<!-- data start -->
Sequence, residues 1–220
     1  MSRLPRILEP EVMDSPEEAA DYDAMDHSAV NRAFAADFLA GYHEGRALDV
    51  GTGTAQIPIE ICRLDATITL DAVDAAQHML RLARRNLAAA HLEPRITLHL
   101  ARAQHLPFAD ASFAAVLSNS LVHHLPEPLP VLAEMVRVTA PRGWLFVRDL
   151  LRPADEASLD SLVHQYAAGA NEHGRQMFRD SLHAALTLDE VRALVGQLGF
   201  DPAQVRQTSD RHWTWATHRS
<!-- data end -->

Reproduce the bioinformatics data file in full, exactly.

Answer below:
Sequence, residues 1–220
     1  MSRLPRILEP EVMDSPEEAA DYDAMDHSAV NRAFAADFLA GYHEGRALDV
    51  GTGTAQIPIE ICRLDATITL DAVDAAQHML RLARRNLAAA HLEPRITLHL
   101  ARAQHLPFAD ASFAAVLSNS LVHHLPEPLP VLAEMVRVTA PRGWLFVRDL
   151  LRPADEASLD SLVHQYAAGA NEHGRQMFRD SLHAALTLDE VRALVGQLGF
   201  DPAQVRQTSD RHWTWATHRS